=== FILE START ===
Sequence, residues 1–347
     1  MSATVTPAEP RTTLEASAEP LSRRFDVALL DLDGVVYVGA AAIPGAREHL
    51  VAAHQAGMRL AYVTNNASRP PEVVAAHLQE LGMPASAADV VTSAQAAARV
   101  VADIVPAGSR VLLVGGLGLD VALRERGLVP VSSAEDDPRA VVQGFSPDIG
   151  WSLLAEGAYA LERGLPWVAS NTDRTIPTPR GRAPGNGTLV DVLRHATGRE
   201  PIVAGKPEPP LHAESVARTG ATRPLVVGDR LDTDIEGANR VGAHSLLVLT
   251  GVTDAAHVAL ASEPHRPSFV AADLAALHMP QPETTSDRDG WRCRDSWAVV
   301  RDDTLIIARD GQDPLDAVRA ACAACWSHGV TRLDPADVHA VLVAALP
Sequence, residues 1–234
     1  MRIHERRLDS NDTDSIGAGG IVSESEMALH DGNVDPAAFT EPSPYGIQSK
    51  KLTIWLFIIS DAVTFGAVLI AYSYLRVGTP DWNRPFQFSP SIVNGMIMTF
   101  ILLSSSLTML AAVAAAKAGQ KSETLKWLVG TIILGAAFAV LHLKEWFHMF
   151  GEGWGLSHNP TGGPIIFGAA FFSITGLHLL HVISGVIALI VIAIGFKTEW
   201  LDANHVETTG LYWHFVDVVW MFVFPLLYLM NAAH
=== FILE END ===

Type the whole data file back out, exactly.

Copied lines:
Sequence, residues 1–347
     1  MSATVTPAEP RTTLEASAEP LSRRFDVALL DLDGVVYVGA AAIPGAREHL
    51  VAAHQAGMRL AYVTNNASRP PEVVAAHLQE LGMPASAADV VTSAQAAARV
   101  VADIVPAGSR VLLVGGLGLD VALRERGLVP VSSAEDDPRA VVQGFSPDIG
   151  WSLLAEGAYA LERGLPWVAS NTDRTIPTPR GRAPGNGTLV DVLRHATGRE
   201  PIVAGKPEPP LHAESVARTG ATRPLVVGDR LDTDIEGANR VGAHSLLVLT
   251  GVTDAAHVAL ASEPHRPSFV AADLAALHMP QPETTSDRDG WRCRDSWAVV
   301  RDDTLIIARD GQDPLDAVRA ACAACWSHGV TRLDPADVHA VLVAALP
Sequence, residues 1–234
     1  MRIHERRLDS NDTDSIGAGG IVSESEMALH DGNVDPAAFT EPSPYGIQSK
    51  KLTIWLFIIS DAVTFGAVLI AYSYLRVGTP DWNRPFQFSP SIVNGMIMTF
   101  ILLSSSLTML AAVAAAKAGQ KSETLKWLVG TIILGAAFAV LHLKEWFHMF
   151  GEGWGLSHNP TGGPIIFGAA FFSITGLHLL HVISGVIALI VIAIGFKTEW
   201  LDANHVETTG LYWHFVDVVW MFVFPLLYLM NAAH